Collision Course

The Archdiocese of San Francisco faced an agonizing choice: It could abandon its ministry to the poor and sick, or it could sacrifice a 2,000-year-old Christian moral tradition based on the clear commands of Scripture. The choice came courtesy of gay zealots, and it illustrates the collision course between the gay agenda and religious freedom. The clash began heating up last November when San Francisco passed a domestic partners ordinance. The ordinance requires that all contractors doing business with the city give health benefits to the partners of homosexual employees—just as they do to the spouses of married employees. One of those contractors is Catholic Charities, the social service arm of the Catholic Church. The city pays Catholic Charities $5 million each year to run programs that serve the poor. Among those programs is Leland House, a facility that provides loving care for dying AIDS victims. But requiring Catholic Charities to treat gay unions as the equivalent of marriage would have forced the charity to violate church doctrine. When the domestic partners law was passed, Archbishop William Levada asked the city to exempt Catholic Charities. He called for “reasonable” and “respectful” dialogue that would enable Catholic Charities to continue serving the poor while remaining faithful to church teachings. But reasonable and respectful dialogue was the last thing gay activists were interested in. They put the squeeze on Catholic Charities, even at the risk of shutting down a program that helped gays dying of AIDS. Talk about biting the hand that feeds you! “There will be no exemptions” from the city’s domestic partners law, thundered P. J. Johnston, a spokesman for Mayor Willie Brown. And city supervisor Tom Ammiano accused Levada of trying “to impose [the church’s] beliefs... on those who do not share them.” Who’s imposing what on whom? The church considered a court challenge of the law, but ultimately a compromise was struck. Employees of Catholic Charities would be allowed to designate someone in their household as eligible to receive “spousal-equivalent benefits.” This “someone” could be a spouse, a sibling—or the employee’s live-in partner. The compromise allows the church to avoid sanctioning homosexual unions. But what was so important about this ordinance that gay activists were willing to sacrifice the poor and needy—even AIDS victims—in order to enforce it? The ordinance is important because it’s a means to an end. Domestic partners benefits help blur the line between marriage and all other consensual living arrangements. They’re intended to get us used to the idea that the traditional family has no special significance—that there’s no normative relationship for people who live together. Blurring the line between pairings is a prerequisite to gay activists’ number one goal: getting Americans to accept same-sex marriage. Christians need to understand this debate because it’s dangerous, not just in terms of how it could impact marriage, but in terms of what it could do to the First Amendment. As the conflict in San Francisco reveals, the church is right at the brink. There’s probably no farther we can be pushed in accommodating the state without sacrificing our core beliefs. Sooner or later the church is going to have to draw a line in the sand and say, “no more.”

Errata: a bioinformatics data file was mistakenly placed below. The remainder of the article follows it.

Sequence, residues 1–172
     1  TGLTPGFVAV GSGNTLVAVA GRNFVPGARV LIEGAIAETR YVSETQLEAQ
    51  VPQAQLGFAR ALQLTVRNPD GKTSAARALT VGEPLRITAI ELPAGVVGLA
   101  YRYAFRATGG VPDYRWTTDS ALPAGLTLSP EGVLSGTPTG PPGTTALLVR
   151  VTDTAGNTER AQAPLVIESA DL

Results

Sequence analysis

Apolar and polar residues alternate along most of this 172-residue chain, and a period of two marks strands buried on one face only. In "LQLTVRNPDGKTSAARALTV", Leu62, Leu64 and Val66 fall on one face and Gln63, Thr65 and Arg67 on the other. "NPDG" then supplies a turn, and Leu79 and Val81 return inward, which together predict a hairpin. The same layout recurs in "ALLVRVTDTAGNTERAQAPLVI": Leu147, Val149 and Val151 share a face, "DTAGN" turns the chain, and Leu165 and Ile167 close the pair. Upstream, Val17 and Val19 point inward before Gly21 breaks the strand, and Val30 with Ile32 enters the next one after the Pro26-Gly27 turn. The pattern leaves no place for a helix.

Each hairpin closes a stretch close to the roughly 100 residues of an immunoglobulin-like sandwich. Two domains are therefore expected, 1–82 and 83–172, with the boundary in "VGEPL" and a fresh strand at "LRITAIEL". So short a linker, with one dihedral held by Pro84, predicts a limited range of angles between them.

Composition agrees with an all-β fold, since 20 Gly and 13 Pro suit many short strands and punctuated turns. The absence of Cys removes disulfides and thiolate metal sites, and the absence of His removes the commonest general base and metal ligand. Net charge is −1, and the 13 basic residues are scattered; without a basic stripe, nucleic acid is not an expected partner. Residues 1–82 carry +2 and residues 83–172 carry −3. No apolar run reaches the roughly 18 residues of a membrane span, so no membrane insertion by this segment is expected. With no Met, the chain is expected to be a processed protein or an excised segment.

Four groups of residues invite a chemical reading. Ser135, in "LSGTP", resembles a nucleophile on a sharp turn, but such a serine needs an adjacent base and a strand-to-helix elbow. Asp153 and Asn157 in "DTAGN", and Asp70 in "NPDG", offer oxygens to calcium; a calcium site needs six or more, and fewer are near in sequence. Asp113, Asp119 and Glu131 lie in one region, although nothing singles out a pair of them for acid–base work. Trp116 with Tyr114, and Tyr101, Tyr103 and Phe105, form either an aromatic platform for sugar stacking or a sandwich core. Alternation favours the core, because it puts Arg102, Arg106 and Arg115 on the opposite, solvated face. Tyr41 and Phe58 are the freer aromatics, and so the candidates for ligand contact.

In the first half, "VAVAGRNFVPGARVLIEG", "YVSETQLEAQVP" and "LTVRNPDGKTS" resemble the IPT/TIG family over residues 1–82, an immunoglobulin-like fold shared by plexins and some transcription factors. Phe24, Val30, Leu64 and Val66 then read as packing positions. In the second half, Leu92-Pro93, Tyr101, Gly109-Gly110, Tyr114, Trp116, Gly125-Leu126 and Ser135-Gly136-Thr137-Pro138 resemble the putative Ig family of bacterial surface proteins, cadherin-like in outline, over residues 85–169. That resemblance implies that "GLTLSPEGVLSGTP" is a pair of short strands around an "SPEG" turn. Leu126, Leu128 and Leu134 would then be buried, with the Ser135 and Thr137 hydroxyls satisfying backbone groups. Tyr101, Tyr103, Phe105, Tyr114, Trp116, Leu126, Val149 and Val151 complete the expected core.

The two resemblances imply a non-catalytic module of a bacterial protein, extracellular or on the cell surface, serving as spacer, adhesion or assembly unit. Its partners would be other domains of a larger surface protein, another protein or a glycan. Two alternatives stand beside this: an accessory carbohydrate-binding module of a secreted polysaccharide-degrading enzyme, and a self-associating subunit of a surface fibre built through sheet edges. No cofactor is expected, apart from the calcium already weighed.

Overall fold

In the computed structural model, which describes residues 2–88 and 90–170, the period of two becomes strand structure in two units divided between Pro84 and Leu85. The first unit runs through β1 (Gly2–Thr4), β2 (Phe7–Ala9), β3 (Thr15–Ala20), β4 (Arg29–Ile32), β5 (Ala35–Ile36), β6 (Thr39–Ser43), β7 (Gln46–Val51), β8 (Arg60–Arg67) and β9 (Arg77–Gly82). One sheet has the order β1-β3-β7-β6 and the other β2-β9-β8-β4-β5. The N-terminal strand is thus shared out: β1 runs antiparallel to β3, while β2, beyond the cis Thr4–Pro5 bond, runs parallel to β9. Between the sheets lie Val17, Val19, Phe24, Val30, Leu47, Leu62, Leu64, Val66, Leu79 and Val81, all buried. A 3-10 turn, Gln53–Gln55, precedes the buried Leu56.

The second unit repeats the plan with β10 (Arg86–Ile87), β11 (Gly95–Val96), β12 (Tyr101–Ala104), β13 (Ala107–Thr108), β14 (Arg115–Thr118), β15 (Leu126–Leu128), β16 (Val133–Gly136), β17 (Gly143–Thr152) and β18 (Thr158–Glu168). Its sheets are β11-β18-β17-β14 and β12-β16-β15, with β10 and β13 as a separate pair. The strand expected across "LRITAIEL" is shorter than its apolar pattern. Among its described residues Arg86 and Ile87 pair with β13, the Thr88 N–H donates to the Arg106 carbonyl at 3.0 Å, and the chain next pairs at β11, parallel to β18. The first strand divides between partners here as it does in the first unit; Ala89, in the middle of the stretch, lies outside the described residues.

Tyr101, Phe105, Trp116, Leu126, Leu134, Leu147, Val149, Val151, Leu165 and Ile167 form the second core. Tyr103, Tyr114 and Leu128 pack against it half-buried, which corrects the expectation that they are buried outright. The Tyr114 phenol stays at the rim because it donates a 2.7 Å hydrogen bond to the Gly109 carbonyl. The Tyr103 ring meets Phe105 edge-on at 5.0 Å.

Chuck Colson


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